Firstly, don't make a separate document. Developers don't generally have "portfolios" for job applications: either something is worth listing on your resume, or it's not.
More important, I'd say, is how you list the projects. Don't describe the project; describe your involvement. I don't care about half a dozen open source projects and the arbitrary problems they're designed to solve, but I do care that you made a thing 25% faster, or redesigned a UI to be touch-friendly, or found and fixed a critical security bug.
Your resume isn't about who you worked for, or what you worked on: it needs to show what you can demonstrably deliver. Sometimes - very occasionally - it's enough to say "I am great because this company that you recognise as great have hired me and promoted me and kept me for years" - but there aren't many jobs like that. Concentrate on highlighting what you have delivered.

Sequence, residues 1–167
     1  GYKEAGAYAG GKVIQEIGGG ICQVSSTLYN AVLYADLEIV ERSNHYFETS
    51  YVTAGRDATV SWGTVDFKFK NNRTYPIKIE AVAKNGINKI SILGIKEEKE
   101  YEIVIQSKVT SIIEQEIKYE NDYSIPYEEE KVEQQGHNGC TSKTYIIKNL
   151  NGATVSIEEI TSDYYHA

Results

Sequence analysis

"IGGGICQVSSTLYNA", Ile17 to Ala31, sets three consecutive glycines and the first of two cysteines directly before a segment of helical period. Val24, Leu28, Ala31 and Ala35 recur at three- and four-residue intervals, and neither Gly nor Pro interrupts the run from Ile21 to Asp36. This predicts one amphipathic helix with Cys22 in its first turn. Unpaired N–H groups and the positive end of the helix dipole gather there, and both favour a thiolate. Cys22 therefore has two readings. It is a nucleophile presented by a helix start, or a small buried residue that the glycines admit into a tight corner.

As for length: this can vary by region. I'm from the UK, and I'd expect 2-3 pages for a resume - probably only 2 for a junior. But present it well: don't cram it all in.